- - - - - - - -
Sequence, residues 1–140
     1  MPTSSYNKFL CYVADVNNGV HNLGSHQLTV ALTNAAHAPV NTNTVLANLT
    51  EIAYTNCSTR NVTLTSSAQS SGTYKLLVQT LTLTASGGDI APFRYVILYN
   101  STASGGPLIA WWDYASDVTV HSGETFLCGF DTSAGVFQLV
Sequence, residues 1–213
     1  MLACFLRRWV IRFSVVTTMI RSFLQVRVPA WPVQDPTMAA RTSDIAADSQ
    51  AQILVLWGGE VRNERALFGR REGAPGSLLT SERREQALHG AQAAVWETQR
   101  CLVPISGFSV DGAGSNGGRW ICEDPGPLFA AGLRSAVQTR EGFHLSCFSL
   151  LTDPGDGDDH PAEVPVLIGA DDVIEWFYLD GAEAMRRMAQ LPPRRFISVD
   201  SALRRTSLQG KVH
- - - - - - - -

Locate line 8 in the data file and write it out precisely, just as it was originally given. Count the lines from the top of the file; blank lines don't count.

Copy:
   101  CLVPISGFSV DGAGSNGGRW ICEDPGPLFA AGLRSAVQTR EGFHLSCFSL